Wednesday, 14 May 2014

The Community Development Programme of India

The Community Development Programme has been the biggest rural reconstruction scheme undertaken by the government of free India. It has been variously described as the magnacarta of hope and happiness for two-thirds of India’s population, the testament of emancipation, the declaration of war on poverty, ignorance, squalor and disease under which millions have been groaning etc.
Its successful execution will bring back to village economic prosperity which characterised them in the not too distant past. The programme, therefore, seeks to regain a lost paradise. It is intended to bring both outward and inward grace to the Indian village.
An attempt has been made to awaken him from the long stupor of ages, so that he may realise his due in life as well as shake off his lethargy and work in co-operation with government agencies to ameliorate his lot.
The Community Development Programme of the present form is, in the main, an American concept. It is, in a way, the culmination of the economics of rural reconstruction as learnt and developed in the United States with its practical usefulness justified under the Indian conditions.
The programme emerged out of the experiments made at Etawah and Gorakhpur under the inspiration of Albert Meyers.
The Planning Commission has defined the Community Development Programme in these words: “Community development is an attempt to bring about a social and economic transformation of village life through the efforts of the people themselves.”
The projects are of vital importance, according to Pandit Nehru, “not so much for the material achievements that they would bring about, but much more so, because they seem to build up the community and the individual and to make the latter the builder of his own village centers and of India in the larger sense.” It is intended to apply it to the concept of the village community as a whole, cutting across caste, religious and economic differences.


Community Development Programme exhibits several characteristics. They are as follows:
1. It promotes self-confidence among the ruralites.
2. It develops self-reliance in the individual and initiative in the village community.
3. The community development programme effects change at the psychological level of the ruralites.
4. It seeks to create new administrative machinery suited to the manifold needs of the village.
5. It is pre-eminently people-oriented.
6. Community thinking and collective action are encouraged through people’s institutions like the Panchayats, co­operative societies, Vikas mandals, etc.


The role of Community Development Programme in the context of the rural community cannot be gainsaid. The programme is instrumental in raising the standard of living of the ruralites and in reconstructing the rural India. Prof. Carl Taylor rightly observes that the programme signifies active cooperation and involvement of the ruralites in formulating and executing their own plans and programmes. The end result is social change, economic development and emergence of new local leadership at the village level.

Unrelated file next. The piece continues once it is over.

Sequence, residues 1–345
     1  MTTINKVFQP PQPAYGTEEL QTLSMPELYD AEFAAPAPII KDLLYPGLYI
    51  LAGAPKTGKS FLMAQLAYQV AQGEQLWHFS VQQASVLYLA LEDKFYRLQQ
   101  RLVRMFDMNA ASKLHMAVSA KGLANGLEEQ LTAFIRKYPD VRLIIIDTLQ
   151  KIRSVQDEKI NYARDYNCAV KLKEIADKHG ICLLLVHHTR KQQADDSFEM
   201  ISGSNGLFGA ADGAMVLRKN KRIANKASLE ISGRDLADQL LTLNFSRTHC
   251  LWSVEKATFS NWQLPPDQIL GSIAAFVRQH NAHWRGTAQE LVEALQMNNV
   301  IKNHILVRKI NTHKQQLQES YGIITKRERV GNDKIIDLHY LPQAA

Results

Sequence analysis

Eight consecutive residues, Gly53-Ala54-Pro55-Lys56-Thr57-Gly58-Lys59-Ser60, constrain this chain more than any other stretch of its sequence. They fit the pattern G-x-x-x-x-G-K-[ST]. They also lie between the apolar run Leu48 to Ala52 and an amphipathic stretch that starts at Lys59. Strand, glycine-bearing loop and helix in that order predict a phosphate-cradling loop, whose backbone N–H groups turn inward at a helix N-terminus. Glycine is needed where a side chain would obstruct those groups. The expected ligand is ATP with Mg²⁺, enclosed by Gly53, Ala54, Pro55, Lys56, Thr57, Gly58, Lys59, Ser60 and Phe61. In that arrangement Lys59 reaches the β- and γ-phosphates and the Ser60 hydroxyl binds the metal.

Prof. S. C. Dube has highlighted on two aims of Community Development Programme. They are- (a) achieving substantial agricultural production and considerable progress in the sphere of communication, rural health and rural education and (b) transforming the socio-economic life of the village through a process of integral cultural change. The aims of the Community Development Project have been divided into two parts. They are short-term objectives and long-term objectives.

Short – term objectives:

The short-term objectives are as follows:
1. To increase agricultural production both quantitatively and qualitatively.
2. To solve the problem of rural unemployment.
3. To develop the means of transport and communication in the villages through repairing old roads and constructing new pucka roads.
4. To bring about development in the sphere of primary education, public health and recreation.
5. To assist the villagers to build good and cheap houses with the help of modern plans and new building methods.
6. To set up and encourage cottage industries and indigenous handicrafts.

Long-term objectives:

The long – term objective of community development projects refers to holistic development of rural life through optimum utilisation of physical and human resources. It is further oriented to provide all sorts of facilities available in a Welfare State to the ruralites. Taking care of the social, moral and financial progress of the villagers also comes within the purview of the long-term objectives of community development projects.
The Community Development Programme was inaugurated on October 2, 1952. Fifty-five community projects were launched. The programme launched in 1952 was extended to wider areas at the end of the First Five-Year Plan. Nearly one out of every three villages in India was brought within the orbit of this programme.
The Second Five-Year Plan proposed to bring every village in India under this scheme, 40 per cent of the area being brought under a more intensive development scheme. The programme was implemented through units of blocks, each community development block comprising generally 100 villages, an area of 400-500 square kms. And a population of 60 to 70 thousand.